The Qualities of Taking Refuge


Dear Friends Near and Far,

I hope that this Guru Rinpoche Day email finds you all well and happy and that your dharma practice is flourishing. From this month onwards, in these emails I would like to share some short teachings by Guru Rinpoche, the second Buddha and incomparable Lotus-born master who we remember and honour on this tenth day of each month.

To begin, I’ve chosen a profound teaching on refuge that Guru Rinpoche gave in answer to a request by the dakini Yeshe Tsogyal. In these few paragraphs and using simple and direct language, Guru Rinpoche conveys some of the most crucial points of dharma. His words carry such blessing and as such have the power to immediately kindle inspiration and insight within us. If you read them with a clear and undistracted mind and with a pure motivation, they will really be able to benefit you:

The Master Padmakara of Uddiyana, who appeared as a nirmanakaya in person, was asked by Lady Tsogyal, the princess of Kharchen: “Great Master, please be kind and teach the basis for all Dharma practice, the means by which to end birth and death, a little cause that has immense benefit, a method that is easy to apply and has little hardship.”

The nirmanakaya master replied: “Tsogyal, taking refuge is the basis for all Dharma practice. The Three Jewels are the support for all Dharma practice. The means that brings an end to birth and death is to take refuge along with its subsidiary aspects.

Lady Tsogyal asked: What is the essential meaning of taking refuge? What is its definition? When divided, how many types are there?”

The master replied: “The essential meaning of taking refuge is to accept the Buddha, Dharma, and Sangha as your teacher, path, and companions for practicing the path, and then to pledge that they are the fruition you will attain. Thus taking refuge means a pledge or acceptance. Why is such an acceptance called taking refuge? It is called taking refuge because of accepting the Buddha, Dharma, and Sangha as the support, refuge, and protector or rescuer for being freed from the great fear of the sufferings and obscurations. That is the essential meaning of taking refuge.

The definition of taking refuge is to seek protection from the terrors of the three lower realms and from the inferior view of believing in a self within the transitory collection1 as is held by non-Buddhist philosophers.”

1 “The transitory collection” refers to the continuity of the five aggregates.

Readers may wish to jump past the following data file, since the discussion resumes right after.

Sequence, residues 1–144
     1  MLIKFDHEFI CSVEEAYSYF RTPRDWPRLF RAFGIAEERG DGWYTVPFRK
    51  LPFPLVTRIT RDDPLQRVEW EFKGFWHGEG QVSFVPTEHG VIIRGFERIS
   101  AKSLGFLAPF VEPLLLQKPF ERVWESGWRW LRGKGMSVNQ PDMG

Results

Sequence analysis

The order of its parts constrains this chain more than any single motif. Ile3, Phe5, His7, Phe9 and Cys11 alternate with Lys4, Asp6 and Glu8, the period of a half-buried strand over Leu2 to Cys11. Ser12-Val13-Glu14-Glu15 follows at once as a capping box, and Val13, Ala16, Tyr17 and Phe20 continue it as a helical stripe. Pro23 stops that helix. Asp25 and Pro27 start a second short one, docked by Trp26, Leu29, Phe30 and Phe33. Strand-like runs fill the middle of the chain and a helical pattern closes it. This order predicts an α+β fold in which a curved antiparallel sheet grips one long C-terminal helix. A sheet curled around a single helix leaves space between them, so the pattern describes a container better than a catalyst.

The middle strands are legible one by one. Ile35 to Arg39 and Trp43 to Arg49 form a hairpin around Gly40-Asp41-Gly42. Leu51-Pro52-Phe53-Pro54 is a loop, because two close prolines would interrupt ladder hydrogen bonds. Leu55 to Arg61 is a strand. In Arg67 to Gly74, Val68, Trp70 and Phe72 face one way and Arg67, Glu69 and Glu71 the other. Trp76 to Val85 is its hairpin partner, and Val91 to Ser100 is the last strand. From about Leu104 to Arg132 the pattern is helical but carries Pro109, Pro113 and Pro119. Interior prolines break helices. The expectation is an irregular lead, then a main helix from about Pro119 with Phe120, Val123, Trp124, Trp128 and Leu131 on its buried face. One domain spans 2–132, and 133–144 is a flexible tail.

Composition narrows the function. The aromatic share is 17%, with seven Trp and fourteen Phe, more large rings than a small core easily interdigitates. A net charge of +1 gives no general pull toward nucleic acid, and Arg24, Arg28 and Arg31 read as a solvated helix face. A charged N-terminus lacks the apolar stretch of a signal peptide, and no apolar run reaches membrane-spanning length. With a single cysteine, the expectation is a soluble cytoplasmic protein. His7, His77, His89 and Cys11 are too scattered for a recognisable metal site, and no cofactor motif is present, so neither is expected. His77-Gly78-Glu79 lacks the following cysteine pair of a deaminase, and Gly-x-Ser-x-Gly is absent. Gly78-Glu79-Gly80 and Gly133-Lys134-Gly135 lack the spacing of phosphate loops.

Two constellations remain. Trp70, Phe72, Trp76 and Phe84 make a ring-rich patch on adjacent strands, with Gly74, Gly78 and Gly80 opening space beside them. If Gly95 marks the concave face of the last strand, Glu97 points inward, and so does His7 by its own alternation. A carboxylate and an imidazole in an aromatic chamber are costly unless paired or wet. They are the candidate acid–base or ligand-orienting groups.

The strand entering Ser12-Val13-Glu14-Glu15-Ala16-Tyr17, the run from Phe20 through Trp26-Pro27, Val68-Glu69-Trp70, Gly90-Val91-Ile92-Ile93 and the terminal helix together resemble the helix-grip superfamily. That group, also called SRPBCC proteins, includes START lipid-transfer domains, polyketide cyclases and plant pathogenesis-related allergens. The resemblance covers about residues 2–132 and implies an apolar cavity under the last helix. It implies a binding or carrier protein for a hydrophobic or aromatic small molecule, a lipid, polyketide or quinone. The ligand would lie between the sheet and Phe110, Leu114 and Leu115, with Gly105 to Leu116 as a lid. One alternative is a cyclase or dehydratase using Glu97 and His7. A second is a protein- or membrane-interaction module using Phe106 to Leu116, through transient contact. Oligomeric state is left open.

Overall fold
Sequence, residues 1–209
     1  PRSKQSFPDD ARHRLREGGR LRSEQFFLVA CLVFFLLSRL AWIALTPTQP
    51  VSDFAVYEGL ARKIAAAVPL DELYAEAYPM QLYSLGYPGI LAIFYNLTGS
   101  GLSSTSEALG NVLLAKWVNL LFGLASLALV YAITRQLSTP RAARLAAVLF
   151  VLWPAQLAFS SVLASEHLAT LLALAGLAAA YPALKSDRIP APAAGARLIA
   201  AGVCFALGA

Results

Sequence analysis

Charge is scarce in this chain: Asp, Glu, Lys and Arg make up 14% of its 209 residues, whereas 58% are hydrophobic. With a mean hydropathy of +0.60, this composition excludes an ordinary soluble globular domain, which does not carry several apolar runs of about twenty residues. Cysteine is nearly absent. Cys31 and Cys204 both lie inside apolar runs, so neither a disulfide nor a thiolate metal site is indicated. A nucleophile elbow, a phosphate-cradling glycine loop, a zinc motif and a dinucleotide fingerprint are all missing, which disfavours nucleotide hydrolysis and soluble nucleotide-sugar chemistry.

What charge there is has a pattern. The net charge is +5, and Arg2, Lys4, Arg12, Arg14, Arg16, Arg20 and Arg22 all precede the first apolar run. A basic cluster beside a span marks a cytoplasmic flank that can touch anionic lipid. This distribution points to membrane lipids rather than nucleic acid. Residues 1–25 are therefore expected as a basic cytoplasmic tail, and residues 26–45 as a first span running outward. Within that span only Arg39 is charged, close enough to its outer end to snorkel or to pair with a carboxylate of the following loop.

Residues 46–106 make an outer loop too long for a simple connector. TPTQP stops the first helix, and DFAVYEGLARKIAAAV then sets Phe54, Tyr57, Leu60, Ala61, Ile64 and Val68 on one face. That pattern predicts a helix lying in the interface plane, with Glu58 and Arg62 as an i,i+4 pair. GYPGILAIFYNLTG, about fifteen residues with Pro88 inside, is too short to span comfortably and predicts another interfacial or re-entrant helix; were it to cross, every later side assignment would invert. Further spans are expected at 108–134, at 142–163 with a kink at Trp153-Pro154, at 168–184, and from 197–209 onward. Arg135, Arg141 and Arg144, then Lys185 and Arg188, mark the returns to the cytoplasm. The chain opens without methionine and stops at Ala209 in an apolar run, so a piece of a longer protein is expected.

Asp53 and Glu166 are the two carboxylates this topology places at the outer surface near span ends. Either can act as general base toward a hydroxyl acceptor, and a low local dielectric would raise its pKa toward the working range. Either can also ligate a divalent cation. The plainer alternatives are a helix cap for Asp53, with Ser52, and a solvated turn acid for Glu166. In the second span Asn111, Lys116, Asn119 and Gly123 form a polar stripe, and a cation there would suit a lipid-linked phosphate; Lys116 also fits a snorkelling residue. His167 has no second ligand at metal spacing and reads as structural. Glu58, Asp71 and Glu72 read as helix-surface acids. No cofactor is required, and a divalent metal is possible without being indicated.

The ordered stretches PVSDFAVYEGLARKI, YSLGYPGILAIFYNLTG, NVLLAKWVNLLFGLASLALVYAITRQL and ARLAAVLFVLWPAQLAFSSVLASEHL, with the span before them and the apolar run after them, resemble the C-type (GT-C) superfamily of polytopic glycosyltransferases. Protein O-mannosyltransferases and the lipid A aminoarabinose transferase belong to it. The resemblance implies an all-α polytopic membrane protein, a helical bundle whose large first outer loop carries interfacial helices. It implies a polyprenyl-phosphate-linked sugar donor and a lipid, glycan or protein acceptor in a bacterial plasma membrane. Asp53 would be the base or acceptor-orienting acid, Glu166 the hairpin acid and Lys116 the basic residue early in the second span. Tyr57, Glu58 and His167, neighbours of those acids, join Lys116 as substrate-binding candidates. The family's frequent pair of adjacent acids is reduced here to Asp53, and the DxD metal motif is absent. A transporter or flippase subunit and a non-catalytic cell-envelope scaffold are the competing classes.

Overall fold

Lady Tsogyal asked: Concerning the outer way of taking refuge, what is the cause of wanting to take refuge? In what object does one take refuge? What kind of person takes refuge? ….

Master Padma replied: The cause of wanting to take refuge is fear of the miseries of samsara, trusting in the Three Jewels as the place of refuge, and, moreover, accepting the Three jewels to be the objects of refuge and the protectors of refuge.

Through these three you give rise to the intention of taking refuge. In general, one wants to take refuge due to fear of death….

In what object does one take refuge? You should take refuge in the Three Jewels. Who can bring an end to birth and death? It is exclusively the omniscient Buddha who is free from all defects and who has perfected all virtues. Therefore, only the Dharma he has taught and the sangha who uphold his doctrine are able to bring an end to the cycle of birth and death of self and others. Since these are the sole objects of refuge, you should take refuge in them.…


The nirmanakaya master Padmakara was asked by Lady Tsogyal, the princess of Kharchen: To which inner objects does one take refuge? What kind of person takes refuge? Through which manner or method does one take refuge? ….

The master replied: Regarding the objects of refuge, you should take refuge in the guru, yidam, and dakini. The person who takes refuge should be someone who has entered the gate of Secret Mantra. The manner or method is to take refuge with devoted and respectful body, speech, and mind. Regarding the particular attitude of taking refuge, you should take refuge by perceiving the guru as a buddha, not abandoning the yidam even at the cost of your life, and continuously making offerings to the dakini….


Lady Tsogyal asked the master: What good qualities result from taking refuge? The master replied: Taking refuge has eight good qualities.

  1. You enter the group of Buddhists. Having taken refuge in the Three Jewels, you are called a Buddhist….
  2. You become a suitable vessel for all the vows such as the Individual Liberation. Correspondingly, if you lose your refuge vow, it is said that all the vows based thereon are also destroyed….
  3. The vow of taking refuge in the Three Jewels diminishes and brings to an end all karmic obscurations accumulated throughout all your past lives. That is to say, your obscurations will be totally exhausted through the special taking refuge, while through the general taking refuge the karmic obscurations will diminish….
  4. You will possess vast merit. The mundane merits of long life, good health, splendor, and majestic dignity, great wealth and so forth, result from taking refuge. The supramundane unexcelled enlightenment also results from taking refuge….
  5. You will be immune to attack by humans and non humans, and immune to the obstacles of this life….
  6. You will achieve the fulfillment of whatever you may wish for. When the genuine taking refuge has arisen in your being, it is impossible not to accomplish whatever you intend….
  7. You will not fall into the lower realms, evil destinies, or perverted paths….
  8. The final benefit is that of swiftly attaining the true and complete enlightenment. What need is there to mention other benefits!

It is said in the Mahayana teachings of Secret Mantra that one can attain enlightenment within this single body and lifetime. This means that without a doubt you will swiftly attain enlightenment. So it is necessary to cut the misconception of thinking that it is enough to take refuge just once in a while. You should take refuge again and again both day and night. Then you will definitely swiftly attain true and complete enlightenment.